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    10. I like your chicken and egg analogy comparing your consciousness to the chicken (1) and the material universe to the egg (2). Thanks to Bernardo, now you see that the chicken (1) came first and laid the egg (2). 1 > 2. It is not the other way round according to settled science that declared that the egg came first and laid the chicken. 2 > 1. While it is clear that only chickens lay eggs and not the other way round, evolution theory reversed the natural order and put the egg first. All the experts, including Bernardo and the likes of Peter Vickers and Daniel Dennett, accept the premise of evolution that posits the beginning came with the hatching of the egg (2) in a “Big Bang”. How does this work if consciousness is fundamental which means that in the beginning there was only the chicken (1)?

      Can you help me out here? Don't be a chicken. Give it a shot. Bob Jones said that we laymen can also philosophize. It is ok to get stuck in the ontology. No one will criticize or laugh if we get egg on our faces. After all, we are not experts.

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    11. Sree - the idealist view, if I may say so, would be that biological evolution is a manifestation of the evolution of consciousness. Materialists sometimes make the circular argument that idealism can’t be right since consciousness is the product of biological evolution, but that assumes consciousness is a product of biological organisms in the first place, which is precisely what idealism denies.

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    12. Evolution implies change. Biological change (e.g. gestation of fetuses) is observable and does take place in consciousness. Consciousness itself cannot change, can it? So, what do you mean by “evolution of consciousness”?

      Materialists say the egg (i.e. material universe) came first with a “Big Bang”. You and I and eakj reject that assertion and insist that the chicken (i.e. consciousness) was always there before the egg came along. If we deny that the biological evolution of species gave rise to consciousness, how can we have the chicken and eat it too? The only way to do that is to say that the chicken that came first is Mind-at-large, and the consciousness that came later through biological evolution of the species is the hatching of chicks (i.e. ego-consciousness of alters). How does that sound?

      Bernardo's theory needs further development to explain how chicks get hatched; otherwise, we must reject the theory of evolution and incur the wrath of the scientific establishment.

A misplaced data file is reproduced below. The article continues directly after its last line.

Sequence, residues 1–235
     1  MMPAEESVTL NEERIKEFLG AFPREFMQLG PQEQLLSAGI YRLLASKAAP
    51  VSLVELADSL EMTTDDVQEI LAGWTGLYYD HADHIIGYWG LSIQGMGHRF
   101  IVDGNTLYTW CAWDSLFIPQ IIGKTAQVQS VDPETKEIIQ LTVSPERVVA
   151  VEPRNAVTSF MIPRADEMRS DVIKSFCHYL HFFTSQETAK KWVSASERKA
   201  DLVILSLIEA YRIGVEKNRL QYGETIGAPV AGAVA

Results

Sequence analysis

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    13. Sree I like the way you think even if I am not sure I agree with it. Let me start with what I see as some givens:1) Idealist will incur the wrath of the scientific establishment regardless of the fine points.2) I don't see how it is possible to be an idealist, look at the world around you and not come to the conclusion that there is a plan. I'll parrot Bernardo for a second, "Not my plan, not your plan but a plan at large". Darwinian evolution is an adequate describer of small changes in species but fails mightily at describing the creation of new species. (Here come that main stream science wrath). How it gee haws with mind at large versus consciousness beats hell out of me. 3) I had an egg for breakfast and chicken breast for lunch.

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    14. Sree,
      “So, what do you mean by “evolution of consciousness”?”The development of self-reflective meta-consciousness from phenomenal consciousness, or basic subjective awareness. So arguably it’s the content of consciousness that evolves.

      “ The only way to do that is to say that the chicken that came first is Mind-at-large, and the consciousness that came later through biological evolution of the species is the hatching of chicks (i.e. ego-consciousness of alters). How does that sound? “
      Basically right. Abiogenesis is what the dissociation of alters looks like from our perspective.

      “Bernardo's theory needs further development to explain how chicks get hatched; otherwise, we must reject the theory of evolution and incur the wrath of the scientific establishment.”
      I suggest it’s more that people need to read Bernardo’s work before they critique it. I think Why Materialism Is Baloney can be helpful for getting a handle on these issues.